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Physical activity in the workplace

A Medical Research Council grant supports a project to examine the acceptability and feasibility of increasing standing and reducing sitting in offices. Macmillan Cancer Support has funded a PhD to examine the effect of sit-stand desks on sitting, standing and physical activity for those working in offices (supported by Public Health England).

A Medical Research Council funded project employs a multidisciplinary, staged, mixed-methods approach to assess how workers may respond to interventions promoting standing in normally-seated workplace practices. The research assesses responses to standing in opportune settings, investigates the potential for standing to affect productivity, and informs and tests acceptability of a habit-based behaviour change intervention promoting standing at work. The work is being completed in collaboration with colleagues at King’s College London, Anglia Ruskin University and the University of Chester.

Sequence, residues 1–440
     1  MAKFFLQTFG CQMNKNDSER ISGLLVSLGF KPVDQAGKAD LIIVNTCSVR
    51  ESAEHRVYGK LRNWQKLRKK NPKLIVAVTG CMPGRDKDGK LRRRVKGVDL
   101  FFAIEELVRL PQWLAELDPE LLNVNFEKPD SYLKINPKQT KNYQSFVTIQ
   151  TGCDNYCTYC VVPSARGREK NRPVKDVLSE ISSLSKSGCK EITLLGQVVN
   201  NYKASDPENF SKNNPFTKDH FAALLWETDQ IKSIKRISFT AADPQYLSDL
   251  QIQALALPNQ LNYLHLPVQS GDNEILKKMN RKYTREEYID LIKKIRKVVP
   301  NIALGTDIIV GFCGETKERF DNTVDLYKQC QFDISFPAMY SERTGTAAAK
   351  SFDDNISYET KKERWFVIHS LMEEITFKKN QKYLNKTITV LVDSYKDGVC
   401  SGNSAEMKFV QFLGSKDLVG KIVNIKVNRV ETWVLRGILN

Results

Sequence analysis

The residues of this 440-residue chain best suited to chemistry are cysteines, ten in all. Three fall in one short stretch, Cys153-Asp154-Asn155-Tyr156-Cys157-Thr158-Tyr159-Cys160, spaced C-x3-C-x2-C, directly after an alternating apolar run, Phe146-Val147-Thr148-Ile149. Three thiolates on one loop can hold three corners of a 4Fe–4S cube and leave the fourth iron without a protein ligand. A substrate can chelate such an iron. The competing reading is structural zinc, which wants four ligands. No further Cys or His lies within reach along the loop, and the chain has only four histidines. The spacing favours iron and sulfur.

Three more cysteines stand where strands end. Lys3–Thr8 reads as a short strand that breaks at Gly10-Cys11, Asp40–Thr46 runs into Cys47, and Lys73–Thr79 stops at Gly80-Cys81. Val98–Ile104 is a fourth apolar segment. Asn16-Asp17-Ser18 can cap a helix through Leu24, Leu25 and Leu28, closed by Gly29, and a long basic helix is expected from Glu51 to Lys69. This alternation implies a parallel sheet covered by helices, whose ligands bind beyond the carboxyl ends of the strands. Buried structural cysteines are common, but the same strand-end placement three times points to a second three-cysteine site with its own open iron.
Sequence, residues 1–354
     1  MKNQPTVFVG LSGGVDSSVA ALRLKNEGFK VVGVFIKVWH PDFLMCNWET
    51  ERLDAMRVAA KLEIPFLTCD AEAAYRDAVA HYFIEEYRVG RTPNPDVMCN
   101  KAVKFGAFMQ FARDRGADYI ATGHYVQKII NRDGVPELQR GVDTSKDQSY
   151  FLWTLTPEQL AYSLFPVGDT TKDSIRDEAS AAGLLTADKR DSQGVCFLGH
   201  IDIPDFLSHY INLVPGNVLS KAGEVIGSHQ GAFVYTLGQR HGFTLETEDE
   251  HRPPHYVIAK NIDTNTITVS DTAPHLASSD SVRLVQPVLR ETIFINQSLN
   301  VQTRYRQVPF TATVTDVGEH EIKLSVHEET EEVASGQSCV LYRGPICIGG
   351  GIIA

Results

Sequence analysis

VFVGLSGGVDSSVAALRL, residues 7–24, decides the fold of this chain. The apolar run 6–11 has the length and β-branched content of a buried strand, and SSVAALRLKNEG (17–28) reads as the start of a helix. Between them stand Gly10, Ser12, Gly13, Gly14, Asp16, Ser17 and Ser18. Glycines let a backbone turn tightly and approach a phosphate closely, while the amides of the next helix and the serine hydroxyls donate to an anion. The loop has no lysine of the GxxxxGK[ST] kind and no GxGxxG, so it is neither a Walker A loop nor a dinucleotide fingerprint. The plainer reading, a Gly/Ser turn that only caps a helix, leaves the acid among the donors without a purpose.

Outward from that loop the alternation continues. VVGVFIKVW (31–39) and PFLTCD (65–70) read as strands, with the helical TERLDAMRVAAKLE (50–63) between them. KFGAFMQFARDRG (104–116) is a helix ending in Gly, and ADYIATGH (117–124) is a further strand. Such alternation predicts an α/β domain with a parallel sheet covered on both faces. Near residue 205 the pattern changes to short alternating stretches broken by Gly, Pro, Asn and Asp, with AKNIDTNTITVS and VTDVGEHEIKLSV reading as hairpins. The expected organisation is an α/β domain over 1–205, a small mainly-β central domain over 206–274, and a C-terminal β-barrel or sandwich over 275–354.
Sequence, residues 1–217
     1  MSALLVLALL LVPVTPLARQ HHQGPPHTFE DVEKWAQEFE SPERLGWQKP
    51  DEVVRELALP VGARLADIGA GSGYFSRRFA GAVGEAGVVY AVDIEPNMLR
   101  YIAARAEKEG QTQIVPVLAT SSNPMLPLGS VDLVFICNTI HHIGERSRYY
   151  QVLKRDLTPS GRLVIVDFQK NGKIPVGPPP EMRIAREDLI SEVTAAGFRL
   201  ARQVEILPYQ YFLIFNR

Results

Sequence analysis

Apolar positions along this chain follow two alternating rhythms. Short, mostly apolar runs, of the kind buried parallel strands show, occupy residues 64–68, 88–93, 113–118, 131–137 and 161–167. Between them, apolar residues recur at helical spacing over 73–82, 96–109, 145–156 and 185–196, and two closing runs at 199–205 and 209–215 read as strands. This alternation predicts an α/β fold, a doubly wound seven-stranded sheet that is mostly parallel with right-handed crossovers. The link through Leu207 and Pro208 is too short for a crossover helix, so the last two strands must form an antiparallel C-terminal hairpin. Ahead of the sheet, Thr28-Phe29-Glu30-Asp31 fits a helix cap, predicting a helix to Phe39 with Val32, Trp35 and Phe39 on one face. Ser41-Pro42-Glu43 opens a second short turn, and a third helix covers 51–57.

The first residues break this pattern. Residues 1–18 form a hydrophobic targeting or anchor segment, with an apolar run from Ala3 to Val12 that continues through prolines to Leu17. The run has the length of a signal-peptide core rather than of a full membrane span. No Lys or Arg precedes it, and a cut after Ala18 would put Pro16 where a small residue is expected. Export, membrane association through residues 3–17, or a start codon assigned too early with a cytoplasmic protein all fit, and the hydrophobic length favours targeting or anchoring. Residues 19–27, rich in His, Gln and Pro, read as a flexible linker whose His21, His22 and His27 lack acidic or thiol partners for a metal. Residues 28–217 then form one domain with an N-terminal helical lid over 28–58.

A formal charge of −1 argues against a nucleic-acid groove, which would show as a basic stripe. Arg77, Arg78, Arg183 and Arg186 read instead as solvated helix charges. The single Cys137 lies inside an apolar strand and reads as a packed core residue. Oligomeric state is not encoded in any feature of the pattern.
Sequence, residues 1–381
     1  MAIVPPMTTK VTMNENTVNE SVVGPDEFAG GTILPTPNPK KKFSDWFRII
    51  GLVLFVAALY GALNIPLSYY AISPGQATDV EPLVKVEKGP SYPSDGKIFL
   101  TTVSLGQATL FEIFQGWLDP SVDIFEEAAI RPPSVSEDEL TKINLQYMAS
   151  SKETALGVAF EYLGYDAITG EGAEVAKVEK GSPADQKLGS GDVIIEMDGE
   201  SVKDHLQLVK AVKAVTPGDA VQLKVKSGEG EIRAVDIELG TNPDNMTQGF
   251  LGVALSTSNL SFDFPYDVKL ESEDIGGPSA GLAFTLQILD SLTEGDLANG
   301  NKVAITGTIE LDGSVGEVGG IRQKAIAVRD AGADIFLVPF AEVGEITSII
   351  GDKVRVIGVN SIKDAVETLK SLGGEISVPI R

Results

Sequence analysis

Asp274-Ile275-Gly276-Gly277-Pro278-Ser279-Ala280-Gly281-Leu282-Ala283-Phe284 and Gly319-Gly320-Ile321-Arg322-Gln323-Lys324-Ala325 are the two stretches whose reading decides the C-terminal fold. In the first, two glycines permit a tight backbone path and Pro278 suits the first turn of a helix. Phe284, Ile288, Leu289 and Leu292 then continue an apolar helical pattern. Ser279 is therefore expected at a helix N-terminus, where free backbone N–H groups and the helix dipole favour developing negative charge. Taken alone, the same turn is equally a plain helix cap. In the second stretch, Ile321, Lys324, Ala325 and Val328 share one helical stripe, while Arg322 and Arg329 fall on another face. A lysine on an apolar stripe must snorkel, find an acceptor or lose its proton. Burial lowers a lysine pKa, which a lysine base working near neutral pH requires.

Macmillan Cancer Support and Public Health England are supporting a PhD study (Jennifer Hall) examining the effect of sit-stand desks on sitting, standing and physical activity in the workplace. The study uses mixed methods to consider the outcomes and processes associated with providing sit-stand desks to office workers.

Impact statement

Our work on sitting, standing and physical activity in the workplace focuses on understanding and developing effective worksite physical activity programmes to be developed, implemented and adhered to in the long-term. We focus on examining the diversity of desk-based occupations in office environments, with workers from across the socioeconomic spectrum and capture the complex organisational structures that impact on physical activity and inactivity in the workplace.

Meet the Principal Investigator(s) for the project

Related Research Group(s)

Sedentary Behaviour, Health and Disease

Sedentary Behaviour, Health and Disease - Investigating the relationship of sedentary behaviour with health and wellbeing; evaluating the effectiveness of interventions to reduce and break up sedentary behaviour.

Project last modified 29/01/2021